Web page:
The first Bristol engine, the Jupiter, was so successful that it was at one time being manufactured in sixteen different countries. It powered a great variety of aircraft, including Imperial Airways' Hercules airliners. Its reputation was well upheld by its supercharged successors the Mercury and Pegasus. The latter engine shared in no less than four successful attempts on the world's altitude record, in which the company developed a traditional interest. Since the war the record has been broken twice more by Olympus engines in an English Electric Canberra.

In 1932 the Aero-Engine Department produced the first of its famous sleeve valve radials, the Perseus. Four years later this was followed by the larger Hercules which was produced in enormous quantities during the war and which is still in production. It was followed by the still larger Centaurus. During the war over 14,000 Bristol aircraft and 100,000 engines were produced. For some years after the war the Hercules powered virtually all British civil and military transports.

The first Bristol gas turbine, the Theseus, was the first turboprop in the world to pass an official type test and went into regular service with Transport Command. It was succeeded by the more compact and powerful Proteus which is installed in the Britannia airliner. The Proteus is now successfully applied to marine propulsion, in which role it powers the fastest warships in the world - the Royal Navy's Fast Patrol Boats - and to electric power generation.

The Proteus was the first engine to embody the free-turbine principle, and the same divided turbine concept was applied to the Olympus, which became the first turbojet to employ the two-spool compressor layout. This engine powers all Avro Vulcan bombers and is in process of development for the British Aircraft Corporation TSR-2 aircraft. Advanced versions of the Olympus develop 33,000 lb thrust with reheat.

In contrast, the Orpheus is a lightweight, medium thrust single-spool turbojet which has become virtually the standard engine in its class. It has already flown in nine different types of aircraft. It is also being manufactured under licence in India, Italy, and Germany.

Ramjet engines have also been under development at Bristol for more than ten years and the Thor ramjet, which can produce some 130,000 hp at Mach 3, powers the Bristol/Ferranti Bloodhound surface-to-air guided missile.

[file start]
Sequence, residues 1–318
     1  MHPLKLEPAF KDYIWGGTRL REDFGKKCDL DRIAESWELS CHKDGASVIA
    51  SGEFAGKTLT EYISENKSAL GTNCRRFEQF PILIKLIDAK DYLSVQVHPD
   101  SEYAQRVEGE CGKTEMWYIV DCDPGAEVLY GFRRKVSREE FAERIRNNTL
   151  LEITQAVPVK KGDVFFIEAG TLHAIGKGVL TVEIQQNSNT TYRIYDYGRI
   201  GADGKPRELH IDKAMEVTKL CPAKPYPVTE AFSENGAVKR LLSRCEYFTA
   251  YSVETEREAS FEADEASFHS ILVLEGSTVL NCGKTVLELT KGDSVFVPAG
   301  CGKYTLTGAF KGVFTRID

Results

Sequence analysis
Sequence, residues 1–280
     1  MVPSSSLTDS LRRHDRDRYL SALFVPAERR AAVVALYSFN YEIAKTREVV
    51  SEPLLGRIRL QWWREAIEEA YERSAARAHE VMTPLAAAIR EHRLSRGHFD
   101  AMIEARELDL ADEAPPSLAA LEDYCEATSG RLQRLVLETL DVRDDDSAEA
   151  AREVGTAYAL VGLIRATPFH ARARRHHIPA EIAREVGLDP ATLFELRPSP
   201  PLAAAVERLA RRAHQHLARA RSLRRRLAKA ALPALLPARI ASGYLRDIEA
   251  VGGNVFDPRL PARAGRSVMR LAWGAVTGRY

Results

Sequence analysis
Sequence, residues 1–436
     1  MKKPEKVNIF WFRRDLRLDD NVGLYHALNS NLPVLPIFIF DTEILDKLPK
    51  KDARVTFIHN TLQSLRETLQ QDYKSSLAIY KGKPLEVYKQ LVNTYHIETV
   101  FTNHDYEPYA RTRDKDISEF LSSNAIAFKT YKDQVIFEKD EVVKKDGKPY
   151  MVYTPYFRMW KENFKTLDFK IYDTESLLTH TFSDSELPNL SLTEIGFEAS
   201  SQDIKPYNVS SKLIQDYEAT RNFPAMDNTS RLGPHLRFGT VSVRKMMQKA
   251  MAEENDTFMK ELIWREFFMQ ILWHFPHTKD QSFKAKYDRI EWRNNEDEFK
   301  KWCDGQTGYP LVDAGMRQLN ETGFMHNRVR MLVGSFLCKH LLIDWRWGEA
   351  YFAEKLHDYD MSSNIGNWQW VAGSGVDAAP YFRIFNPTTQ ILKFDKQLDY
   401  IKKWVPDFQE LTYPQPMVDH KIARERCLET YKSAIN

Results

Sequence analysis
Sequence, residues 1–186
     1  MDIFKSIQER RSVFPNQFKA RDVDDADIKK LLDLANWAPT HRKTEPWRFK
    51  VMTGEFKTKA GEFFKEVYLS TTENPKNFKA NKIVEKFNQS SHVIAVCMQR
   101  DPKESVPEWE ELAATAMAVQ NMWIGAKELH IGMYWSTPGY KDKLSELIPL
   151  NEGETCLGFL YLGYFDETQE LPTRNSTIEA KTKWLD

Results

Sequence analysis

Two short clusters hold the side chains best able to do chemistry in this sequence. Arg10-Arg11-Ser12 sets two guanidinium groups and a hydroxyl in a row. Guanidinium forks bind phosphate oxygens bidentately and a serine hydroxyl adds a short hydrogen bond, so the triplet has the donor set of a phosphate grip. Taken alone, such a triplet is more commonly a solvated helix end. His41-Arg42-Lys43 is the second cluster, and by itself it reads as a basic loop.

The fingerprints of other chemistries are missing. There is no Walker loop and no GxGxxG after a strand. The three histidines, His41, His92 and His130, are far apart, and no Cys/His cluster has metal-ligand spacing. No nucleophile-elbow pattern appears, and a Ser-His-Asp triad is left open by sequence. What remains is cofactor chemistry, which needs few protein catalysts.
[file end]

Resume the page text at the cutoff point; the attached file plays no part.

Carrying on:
In 1955 the Aero-Engine Division was reformed as Bristol Aero-Engines Limited, a subsidiary company of the Bristol Aeroplane Company.

In May, 1958, Bristol Siddeley Engines Limited was formed as a pilot company to bring about an alliance between the Bristol and Coventry concerns, and a full merger took effect from the beginning of April, 1959. The purpose of the new company was to combine the research, engineering and manufacturing resources of the two great component companies to meet the changing demands of the aviation industry. Fortunately the combination was made easier by the fact that the products of the two companies were to a remarkable extent complementary and together formed an ideal technical and sales pattern.

BSEL Publication TJ151, 1962 (see Bibliography) INTRODUCTION says :-

BRISTOL SIDDELEY ENGINES LIMITED was formed by a merger effective from the 1st April, 1959, of Bristol AeroEngines and Armstrong Siddeley Motors. These were the aero-engine manufacturing companies of the Bristol Aeroplane Company and the Hawker Siddeley Group. The share capital of Bristol Siddeley is held in equal proportions by these two parent organisations.

The Company is one of the largest of its kind in the world and offers a wider range of engines than any other manufacturer. Aero-engines produced by the company include piston engines, turboprops, turboshafts, turbojets, turbofans, auxiliary power units, ramjets and liquid propellant rocket engines. Outside the aeronautical field its products are gas turbines for marine and industrial use, diesel engines, and automatic transmissions.

The history of Bristol Siddeley goes back to the earliest days of the motor car and aircraft industries. The Siddeley Autocar Company was formed in 1902 and the Deasy Motor Car Manufacturing Company in 1906. In 1909 J. D. Siddeley joined the Deasy company as General Manager, and the Deasy car became known as the J. D. Siddeley (Type) Deasy. In 1912 the name of the company was changed to the Siddeley Deasy Motor Car Company.